Her recommended route is a dangerous ride today, of course; it’s a gantlet of harried drivers and curbside parking door zones and unexpected right-hooks. Removing one travel lane, a row of curbside parking, and then restriping to add bicycle lanes would make for safe travel between Moreno Dr. and Doheny, she said.

The staff report touched on South Santa Monica Boulevard in the construction-related mitigation section, and mentioned the option of temporarily removing 39 parking spaces. But no city representative had suggested making that mitigation measure permanent for bicycle lanes.

Krasne has brought up her South Santa Monica suggestion before. And in truth we liked it then and now; a bicycle boulevard on the south roadway would be great. But every time it’s raised there is pushback because of the loss of parking.

This time pushback came from from Lili Bosse, always a champion of businesses, who agreed with letting the Traffic and Parking Commission review mitigation options on the south roadway. But clearly she was not comfortable with Krasne’s concept. “I have a LOT of questions about this,” she said.

But councilmember Bosse was less equivocal about striping bicycle lanes on North Santa Monica Boulevard:

I absolutely support the widening and the striping of bike lanes. The significant concerns were taking green space from the parks, and I think we’ve come up with a way to achieve a street that will be consistent and safe and w/o taking green space. I take note of what Barbara Linder said. Having just come back from Paris, NY, Washington, Sweden – all of these cities are metropolitan cities and have bike lanes.” – Lili Bosse

More importantly, Bosse said:

I think this is actually a safety issue… Once repaved, bikes will absolutely use those streets. [Striping] would allow for a safer environment. It’s where we as a city need to be.*

Whatever the merits of installing bicycle lanes somewhere off North Santa Monica, merely advancing the proposal takes the focus off of North Santa Monica Boulevard. That allowed other councilmembers to fudge. For example, councilmember Willie Brien said he does not support bicycle lanes for North Santa Monica Boulevard “at this time.”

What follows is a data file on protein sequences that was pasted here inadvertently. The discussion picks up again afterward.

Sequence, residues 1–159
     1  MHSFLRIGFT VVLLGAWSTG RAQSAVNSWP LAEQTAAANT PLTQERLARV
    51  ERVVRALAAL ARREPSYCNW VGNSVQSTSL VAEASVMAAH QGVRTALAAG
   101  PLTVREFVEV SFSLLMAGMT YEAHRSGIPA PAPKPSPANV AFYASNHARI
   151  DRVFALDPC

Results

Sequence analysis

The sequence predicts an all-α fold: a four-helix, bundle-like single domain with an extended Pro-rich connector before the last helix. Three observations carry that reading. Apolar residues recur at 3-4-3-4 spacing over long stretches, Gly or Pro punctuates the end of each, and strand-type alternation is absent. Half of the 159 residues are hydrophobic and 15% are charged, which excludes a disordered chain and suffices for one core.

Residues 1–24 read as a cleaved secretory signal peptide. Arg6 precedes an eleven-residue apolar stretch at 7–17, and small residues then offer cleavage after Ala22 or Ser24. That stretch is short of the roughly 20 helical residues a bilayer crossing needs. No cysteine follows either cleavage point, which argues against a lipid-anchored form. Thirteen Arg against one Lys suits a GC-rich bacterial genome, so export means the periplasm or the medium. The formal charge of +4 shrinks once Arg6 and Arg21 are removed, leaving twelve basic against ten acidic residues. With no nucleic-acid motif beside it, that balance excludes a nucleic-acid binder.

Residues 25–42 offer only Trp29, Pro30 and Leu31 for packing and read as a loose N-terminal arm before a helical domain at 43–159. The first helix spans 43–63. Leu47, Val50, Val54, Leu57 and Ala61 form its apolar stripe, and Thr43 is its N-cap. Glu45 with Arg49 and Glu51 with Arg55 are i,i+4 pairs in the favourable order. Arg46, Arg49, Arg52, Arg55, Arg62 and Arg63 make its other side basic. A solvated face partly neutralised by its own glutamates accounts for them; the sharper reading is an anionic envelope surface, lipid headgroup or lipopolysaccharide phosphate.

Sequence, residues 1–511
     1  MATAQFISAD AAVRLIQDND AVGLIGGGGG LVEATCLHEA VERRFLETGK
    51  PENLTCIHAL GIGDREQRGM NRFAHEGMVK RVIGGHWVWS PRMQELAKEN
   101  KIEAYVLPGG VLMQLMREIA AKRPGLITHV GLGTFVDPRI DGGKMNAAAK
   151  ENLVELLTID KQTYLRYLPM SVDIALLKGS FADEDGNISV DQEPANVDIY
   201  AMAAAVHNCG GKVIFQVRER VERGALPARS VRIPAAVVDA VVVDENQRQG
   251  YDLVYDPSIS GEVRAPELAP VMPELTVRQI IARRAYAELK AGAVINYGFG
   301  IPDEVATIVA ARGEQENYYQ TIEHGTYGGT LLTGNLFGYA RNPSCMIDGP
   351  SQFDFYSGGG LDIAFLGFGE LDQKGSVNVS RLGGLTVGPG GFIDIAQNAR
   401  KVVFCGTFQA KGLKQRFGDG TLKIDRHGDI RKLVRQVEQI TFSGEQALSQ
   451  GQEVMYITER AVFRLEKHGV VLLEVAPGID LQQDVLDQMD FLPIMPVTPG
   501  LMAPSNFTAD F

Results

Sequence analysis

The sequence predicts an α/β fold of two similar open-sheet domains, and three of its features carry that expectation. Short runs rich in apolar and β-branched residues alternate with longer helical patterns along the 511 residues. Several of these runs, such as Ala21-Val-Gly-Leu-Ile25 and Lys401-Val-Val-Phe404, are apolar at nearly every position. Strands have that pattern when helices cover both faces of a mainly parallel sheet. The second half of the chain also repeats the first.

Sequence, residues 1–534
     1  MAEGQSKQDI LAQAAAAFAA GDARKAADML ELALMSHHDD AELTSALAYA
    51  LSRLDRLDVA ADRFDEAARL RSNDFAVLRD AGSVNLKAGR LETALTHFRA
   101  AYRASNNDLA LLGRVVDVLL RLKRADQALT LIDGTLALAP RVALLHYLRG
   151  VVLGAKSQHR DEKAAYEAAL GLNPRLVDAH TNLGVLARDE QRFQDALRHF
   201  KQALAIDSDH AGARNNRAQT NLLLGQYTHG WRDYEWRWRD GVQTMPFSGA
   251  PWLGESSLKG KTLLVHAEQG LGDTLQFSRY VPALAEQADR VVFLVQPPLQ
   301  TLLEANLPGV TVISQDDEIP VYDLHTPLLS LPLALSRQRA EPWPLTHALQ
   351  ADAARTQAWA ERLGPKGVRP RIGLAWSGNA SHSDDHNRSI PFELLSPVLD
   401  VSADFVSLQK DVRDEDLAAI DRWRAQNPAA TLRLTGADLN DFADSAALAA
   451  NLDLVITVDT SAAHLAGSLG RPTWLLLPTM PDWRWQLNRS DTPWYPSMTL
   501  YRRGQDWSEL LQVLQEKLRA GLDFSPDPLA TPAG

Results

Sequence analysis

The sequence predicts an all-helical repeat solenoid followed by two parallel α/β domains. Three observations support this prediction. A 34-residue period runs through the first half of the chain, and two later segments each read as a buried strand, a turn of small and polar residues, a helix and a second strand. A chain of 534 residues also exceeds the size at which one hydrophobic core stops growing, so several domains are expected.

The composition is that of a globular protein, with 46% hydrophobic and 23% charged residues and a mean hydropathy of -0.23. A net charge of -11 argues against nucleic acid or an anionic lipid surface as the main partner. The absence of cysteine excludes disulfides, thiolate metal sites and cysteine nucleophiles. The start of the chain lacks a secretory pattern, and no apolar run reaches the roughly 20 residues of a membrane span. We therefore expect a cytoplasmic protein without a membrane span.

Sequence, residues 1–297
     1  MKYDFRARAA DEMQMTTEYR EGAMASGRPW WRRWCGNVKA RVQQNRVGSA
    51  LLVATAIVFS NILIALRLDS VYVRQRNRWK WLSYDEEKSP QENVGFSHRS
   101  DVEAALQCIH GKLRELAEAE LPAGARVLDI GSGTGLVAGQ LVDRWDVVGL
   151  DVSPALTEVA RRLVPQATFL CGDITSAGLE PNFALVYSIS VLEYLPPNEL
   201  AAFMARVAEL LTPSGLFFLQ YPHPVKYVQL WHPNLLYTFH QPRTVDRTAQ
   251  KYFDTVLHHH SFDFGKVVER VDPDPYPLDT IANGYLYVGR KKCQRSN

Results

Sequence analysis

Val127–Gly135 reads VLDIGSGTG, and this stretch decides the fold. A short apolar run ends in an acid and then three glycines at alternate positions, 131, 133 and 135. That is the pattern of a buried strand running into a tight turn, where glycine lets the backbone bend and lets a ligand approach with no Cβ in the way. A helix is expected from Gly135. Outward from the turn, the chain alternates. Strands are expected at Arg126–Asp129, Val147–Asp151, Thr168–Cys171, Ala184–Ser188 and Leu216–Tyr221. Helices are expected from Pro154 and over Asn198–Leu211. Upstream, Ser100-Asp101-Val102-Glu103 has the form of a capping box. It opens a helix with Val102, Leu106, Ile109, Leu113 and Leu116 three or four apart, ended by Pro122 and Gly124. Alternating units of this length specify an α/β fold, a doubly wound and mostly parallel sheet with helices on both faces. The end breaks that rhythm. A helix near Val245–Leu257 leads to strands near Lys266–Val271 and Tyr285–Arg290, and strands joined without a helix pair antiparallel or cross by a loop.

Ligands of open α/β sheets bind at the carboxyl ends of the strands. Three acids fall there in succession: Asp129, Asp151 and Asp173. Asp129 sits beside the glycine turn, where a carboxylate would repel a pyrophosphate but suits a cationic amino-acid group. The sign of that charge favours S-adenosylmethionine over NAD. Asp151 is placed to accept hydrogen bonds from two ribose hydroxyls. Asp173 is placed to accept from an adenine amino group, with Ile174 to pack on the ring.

I think this is a unique opportunity to look at our streetscape and our traffic routes; what we want our business district to be; [whether] we want ‘little’ Santa Monica to be an increasing[ly] pass-through roadway for our city, or do we want to make that a street that’s more usable for our businesses… That’s why we want [traffic and parking commission] to take a look at it. – Councilmember Willie Brien

But the commission will be charged with reviewing mitigation options, not advance mobility planning for the triangle. As for bicycle lanes there someday, Brien was again noncommittal. “Maybe bike lanes in that area, or other alternatives to that. I’m not ready to say where we would do that.” As for North Santa Monica: “I don’t support striping ‘big’ Santa Monica at this point. That doesn’t mean we couldn’t get there, but at this point that was not the intent.”

But the discussion of bicycle lanes among other options was exactly the point of today’s discussion. The lanes was even identified as an option in the staff report (though with the caveat, “if desired”).

When pressed by Bosse about the bigger picture – i.e., how tomorrow’s vision for South Santa Monica might be reconciled with today’s political sensitivity about parking – he punted. “It may be bike lanes; it may not. It may be less parking on there [or] it may be different pedestrian opportunities.” He added, “That’s the point: to take a different look” at a “master street project that actually could meet all of our needs.”

Mayor Julian Gold was up next. He didn’t support boulevard medians but called bicycle lanes “a possibility and something I would consider.” Only not now.

In the matter of widening the roadway, I’m OK with that, and, in concert with the conversations from councilmembers Krasne and Brien, I think the decision about bicycle lane striping is a fallback – it’s something to be considered – but until we resolve the issue of the use of South Santa Monica Boulevard as a potential bike lane, I think we should just leave that unanswered.” – Mayor Julian Gold

So at this key juncture, during the discussion on project design, he’s not supporting bicycle lanes for North Santa Monica Boulevard. And in the end the Council split 3-1 on striping bicycle lanes. (John Mirisch was absent.) It did unite on expanding the boulevard, however, though split (2-2) on the medians. Tomorrow’s boulevard won’t have them.

What About That Bicycle Lanes Concept for South Santa Monica?